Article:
By the phrase "fill up with snow," the speaker wishes to convey that it is snowing, and heavily enough to "fill" the woods with snow. By this he means both that the sky is full of snowflakes and that much snow will end up piled on the ground.
The full stanza is as follows:
Whose woods these are I think I know.
His house is in the village though;
He will not see me stopping here
To watch his woods fill up with snow.
The owner of the woods won't see the speaker because this owner is in his house in town, far away.
When the speaker says he will watch the woods fill (the woods will fill slowly) up with snow, this also suggests that he will stop for a relatively long time to watch the snowfall. This is indicated as well by the fact that his horse starts to shake his harness bells later in the poem, wondering why they are not moving onward.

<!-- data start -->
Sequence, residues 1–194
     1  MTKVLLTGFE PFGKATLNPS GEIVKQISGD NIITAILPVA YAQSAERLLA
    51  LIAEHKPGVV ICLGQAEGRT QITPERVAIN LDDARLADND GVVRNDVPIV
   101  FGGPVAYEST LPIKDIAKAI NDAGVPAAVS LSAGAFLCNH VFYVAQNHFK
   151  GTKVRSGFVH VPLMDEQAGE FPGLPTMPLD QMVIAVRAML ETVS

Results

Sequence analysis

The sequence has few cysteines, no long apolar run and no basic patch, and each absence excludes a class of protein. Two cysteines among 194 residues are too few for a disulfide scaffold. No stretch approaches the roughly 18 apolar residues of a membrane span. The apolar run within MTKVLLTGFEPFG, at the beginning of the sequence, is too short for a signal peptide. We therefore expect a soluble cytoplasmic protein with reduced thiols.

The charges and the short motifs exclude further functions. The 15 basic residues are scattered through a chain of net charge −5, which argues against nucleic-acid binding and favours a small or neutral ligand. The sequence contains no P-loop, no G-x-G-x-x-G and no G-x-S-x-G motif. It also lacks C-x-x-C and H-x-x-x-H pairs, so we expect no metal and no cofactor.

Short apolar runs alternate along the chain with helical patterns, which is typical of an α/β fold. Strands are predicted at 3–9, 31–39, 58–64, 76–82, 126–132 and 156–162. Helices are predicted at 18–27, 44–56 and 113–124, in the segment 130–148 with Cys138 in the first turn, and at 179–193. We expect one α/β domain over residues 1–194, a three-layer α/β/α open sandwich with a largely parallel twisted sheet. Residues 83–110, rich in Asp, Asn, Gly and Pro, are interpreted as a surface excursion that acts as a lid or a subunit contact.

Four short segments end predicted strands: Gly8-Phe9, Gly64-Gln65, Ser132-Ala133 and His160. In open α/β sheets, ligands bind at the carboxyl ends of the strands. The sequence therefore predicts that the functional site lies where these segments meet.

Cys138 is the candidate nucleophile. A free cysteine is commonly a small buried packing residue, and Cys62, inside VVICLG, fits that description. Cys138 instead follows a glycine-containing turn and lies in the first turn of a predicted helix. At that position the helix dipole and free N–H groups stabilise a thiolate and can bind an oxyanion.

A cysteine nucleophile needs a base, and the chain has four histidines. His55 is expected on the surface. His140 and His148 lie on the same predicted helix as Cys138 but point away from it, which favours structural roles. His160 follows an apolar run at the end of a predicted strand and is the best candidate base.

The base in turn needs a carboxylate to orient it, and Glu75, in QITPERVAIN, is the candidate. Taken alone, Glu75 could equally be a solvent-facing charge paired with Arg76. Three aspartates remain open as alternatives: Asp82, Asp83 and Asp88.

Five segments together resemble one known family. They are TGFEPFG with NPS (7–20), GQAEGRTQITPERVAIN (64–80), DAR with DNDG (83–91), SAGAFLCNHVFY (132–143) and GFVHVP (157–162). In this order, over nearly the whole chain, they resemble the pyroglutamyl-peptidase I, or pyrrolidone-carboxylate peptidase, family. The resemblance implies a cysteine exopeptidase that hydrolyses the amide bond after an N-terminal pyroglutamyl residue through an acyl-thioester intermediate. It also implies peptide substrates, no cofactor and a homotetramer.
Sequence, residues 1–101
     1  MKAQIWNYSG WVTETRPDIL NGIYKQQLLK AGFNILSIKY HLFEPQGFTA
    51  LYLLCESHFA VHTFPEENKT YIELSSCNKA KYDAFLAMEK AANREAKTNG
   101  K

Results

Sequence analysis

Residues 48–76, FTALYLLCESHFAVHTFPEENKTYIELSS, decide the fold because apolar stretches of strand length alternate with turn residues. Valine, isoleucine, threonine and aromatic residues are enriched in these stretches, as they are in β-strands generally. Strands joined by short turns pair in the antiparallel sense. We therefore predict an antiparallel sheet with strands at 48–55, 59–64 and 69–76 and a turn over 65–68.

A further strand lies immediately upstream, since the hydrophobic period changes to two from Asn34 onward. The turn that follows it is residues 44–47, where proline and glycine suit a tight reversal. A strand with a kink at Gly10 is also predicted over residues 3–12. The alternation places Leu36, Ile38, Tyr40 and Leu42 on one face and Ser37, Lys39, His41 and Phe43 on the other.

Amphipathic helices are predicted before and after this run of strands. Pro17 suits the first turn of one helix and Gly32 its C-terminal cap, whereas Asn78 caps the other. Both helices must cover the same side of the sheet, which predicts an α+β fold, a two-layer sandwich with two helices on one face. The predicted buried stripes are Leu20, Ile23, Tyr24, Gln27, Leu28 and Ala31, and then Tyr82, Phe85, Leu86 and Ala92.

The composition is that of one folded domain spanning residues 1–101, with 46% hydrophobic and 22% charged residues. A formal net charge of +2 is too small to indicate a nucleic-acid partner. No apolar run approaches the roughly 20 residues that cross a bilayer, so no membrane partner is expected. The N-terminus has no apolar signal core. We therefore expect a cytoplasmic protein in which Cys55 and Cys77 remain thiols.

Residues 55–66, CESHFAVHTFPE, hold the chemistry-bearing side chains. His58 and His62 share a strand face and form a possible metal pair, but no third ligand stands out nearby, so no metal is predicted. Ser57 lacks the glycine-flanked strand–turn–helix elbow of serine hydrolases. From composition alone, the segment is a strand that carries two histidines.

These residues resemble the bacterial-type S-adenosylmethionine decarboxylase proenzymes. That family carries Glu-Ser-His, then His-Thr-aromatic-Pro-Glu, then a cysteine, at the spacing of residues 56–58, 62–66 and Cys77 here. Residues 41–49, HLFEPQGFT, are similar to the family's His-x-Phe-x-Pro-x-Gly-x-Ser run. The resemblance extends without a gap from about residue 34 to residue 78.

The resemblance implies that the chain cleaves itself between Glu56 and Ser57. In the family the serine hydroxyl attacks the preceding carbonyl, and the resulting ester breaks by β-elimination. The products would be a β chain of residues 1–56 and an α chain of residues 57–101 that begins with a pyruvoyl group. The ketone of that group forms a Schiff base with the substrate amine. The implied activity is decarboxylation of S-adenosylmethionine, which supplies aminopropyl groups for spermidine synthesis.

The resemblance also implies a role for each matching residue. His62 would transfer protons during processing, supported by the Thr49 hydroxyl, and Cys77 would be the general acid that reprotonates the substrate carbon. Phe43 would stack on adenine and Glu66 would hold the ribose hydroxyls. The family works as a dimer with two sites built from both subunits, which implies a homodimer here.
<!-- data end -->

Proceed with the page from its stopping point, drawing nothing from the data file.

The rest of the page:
The speaker doesn't often get a chance simply to stop and contemplate the beauty of snow falling against the night sky in a silent woods. He does have to complete his journey, but he nevertheless, for once, takes time out to watch a beautiful natural scene.